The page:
SOCI-274-01 Environmental and Food Justice Movements
Fall for 2017-2018
M 11:00AM – 1:30PM

This seminar draws on a range of interdisciplinary theoretical perspectives in examining the similarities and differences between the environmental justice movement (EJM) and the food justice movement (FJM). Both movements are primarily centered around the issue of racial and class injustice surrounding the access to resources, such as clean air, water and soil or fresh and healthy food. EJM has a slightly longer history in the United States than FJM, and the two movements share notable similarities but with some key differences in terms of in terms of how they define and aim to resolve the problems of environmental injustice or food injustice. We begin by situating the emergence of EJM in the context of broader environmental movements, both domestically and globally, and explore how various theoretical frameworks of EJM analyze environmental issues through the lens of social justice and human inequality, specifically on categories of race, class, and more recently, gender. Building on the understanding of the emergence and the changes in EJM, we will then examine the more recent rise of FJM, as a critical counterpoint to the general alternative food movement that had expanded rapidly since around 1990s in the US. Over the course of the semester we will examine various real cases of environmental and food justice activism, including both successful and failed attempts, and discuss each case in relation to the theoretical frameworks introduced in the seminar through the assigned readings and the lecture. Some of these cases may be presented in the form of documentary films or having a guest speaker from an activism organization to present their experiences. By the end of the semester, students are expected to critically examine the concept of justice as it is being deployed in the current EJM and FJM activism and scholarship, and propose concrete directions that both movements and academic research on the topic should take in order to most effectively define, address, and resolve environmental and food injustices.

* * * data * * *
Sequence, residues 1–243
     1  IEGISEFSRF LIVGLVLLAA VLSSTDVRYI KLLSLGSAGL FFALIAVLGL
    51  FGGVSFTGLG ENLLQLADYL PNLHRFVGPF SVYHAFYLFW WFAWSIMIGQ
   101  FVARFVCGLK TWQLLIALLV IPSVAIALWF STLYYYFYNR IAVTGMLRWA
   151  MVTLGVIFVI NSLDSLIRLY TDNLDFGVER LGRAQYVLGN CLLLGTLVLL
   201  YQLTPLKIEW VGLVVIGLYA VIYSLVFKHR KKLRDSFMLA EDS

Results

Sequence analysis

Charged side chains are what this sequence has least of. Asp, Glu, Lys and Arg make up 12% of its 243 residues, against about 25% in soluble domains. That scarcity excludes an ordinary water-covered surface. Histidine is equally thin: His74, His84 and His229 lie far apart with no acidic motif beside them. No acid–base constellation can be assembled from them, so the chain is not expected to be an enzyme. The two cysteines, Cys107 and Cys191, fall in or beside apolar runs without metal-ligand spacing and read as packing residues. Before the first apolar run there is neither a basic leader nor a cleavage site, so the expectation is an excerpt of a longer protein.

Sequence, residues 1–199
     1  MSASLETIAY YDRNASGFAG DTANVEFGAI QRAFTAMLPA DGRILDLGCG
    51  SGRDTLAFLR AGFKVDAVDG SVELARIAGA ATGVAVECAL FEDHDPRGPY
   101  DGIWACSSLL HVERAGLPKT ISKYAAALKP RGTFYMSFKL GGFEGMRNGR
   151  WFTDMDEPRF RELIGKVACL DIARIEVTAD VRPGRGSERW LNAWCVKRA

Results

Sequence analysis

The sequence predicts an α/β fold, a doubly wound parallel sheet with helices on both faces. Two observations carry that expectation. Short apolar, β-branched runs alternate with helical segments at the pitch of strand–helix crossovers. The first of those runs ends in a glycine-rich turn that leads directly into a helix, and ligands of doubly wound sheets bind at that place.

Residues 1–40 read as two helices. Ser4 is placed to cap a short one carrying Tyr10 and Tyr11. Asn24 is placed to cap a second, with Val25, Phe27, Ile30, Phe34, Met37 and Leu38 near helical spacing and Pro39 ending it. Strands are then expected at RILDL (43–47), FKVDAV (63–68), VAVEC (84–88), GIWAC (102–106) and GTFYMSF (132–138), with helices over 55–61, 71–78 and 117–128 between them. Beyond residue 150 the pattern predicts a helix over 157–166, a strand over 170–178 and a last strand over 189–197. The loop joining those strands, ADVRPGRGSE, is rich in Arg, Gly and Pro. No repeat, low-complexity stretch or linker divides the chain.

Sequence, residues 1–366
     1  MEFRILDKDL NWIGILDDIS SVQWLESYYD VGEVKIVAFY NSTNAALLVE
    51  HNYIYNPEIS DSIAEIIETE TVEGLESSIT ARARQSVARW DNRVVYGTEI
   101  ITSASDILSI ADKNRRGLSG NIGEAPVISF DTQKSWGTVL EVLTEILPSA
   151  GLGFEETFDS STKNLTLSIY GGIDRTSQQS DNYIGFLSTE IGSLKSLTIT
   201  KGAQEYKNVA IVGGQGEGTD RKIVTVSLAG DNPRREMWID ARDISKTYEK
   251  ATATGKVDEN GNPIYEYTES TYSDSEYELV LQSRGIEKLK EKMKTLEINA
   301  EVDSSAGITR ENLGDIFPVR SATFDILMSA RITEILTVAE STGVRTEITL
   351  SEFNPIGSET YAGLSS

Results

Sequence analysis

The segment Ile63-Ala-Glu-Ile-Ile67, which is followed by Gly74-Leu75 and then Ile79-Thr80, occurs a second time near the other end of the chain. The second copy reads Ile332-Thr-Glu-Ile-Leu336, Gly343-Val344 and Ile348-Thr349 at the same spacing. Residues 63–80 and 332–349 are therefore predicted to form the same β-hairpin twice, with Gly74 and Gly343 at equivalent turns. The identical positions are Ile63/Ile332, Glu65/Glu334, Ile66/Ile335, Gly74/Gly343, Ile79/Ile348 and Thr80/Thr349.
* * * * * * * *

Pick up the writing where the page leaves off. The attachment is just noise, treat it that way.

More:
Credits: 3
Prerequisites: None
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